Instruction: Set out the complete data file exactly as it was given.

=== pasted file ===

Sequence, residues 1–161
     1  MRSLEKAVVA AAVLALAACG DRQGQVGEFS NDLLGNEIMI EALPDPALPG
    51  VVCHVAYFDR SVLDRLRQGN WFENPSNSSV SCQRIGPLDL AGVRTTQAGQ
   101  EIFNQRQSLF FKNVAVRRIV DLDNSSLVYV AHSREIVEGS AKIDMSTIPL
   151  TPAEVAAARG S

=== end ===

Sequence, residues 1–161
     1  MRSLEKAVVA AAVLALAACG DRQGQVGEFS NDLLGNEIMI EALPDPALPG
    51  VVCHVAYFDR SVLDRLRQGN WFENPSNSSV SCQRIGPLDL AGVRTTQAGQ
   101  EIFNQRQSLF FKNVAVRRIV DLDNSSLVYV AHSREIVEGS AKIDMSTIPL
   151  TPAEVAAARG S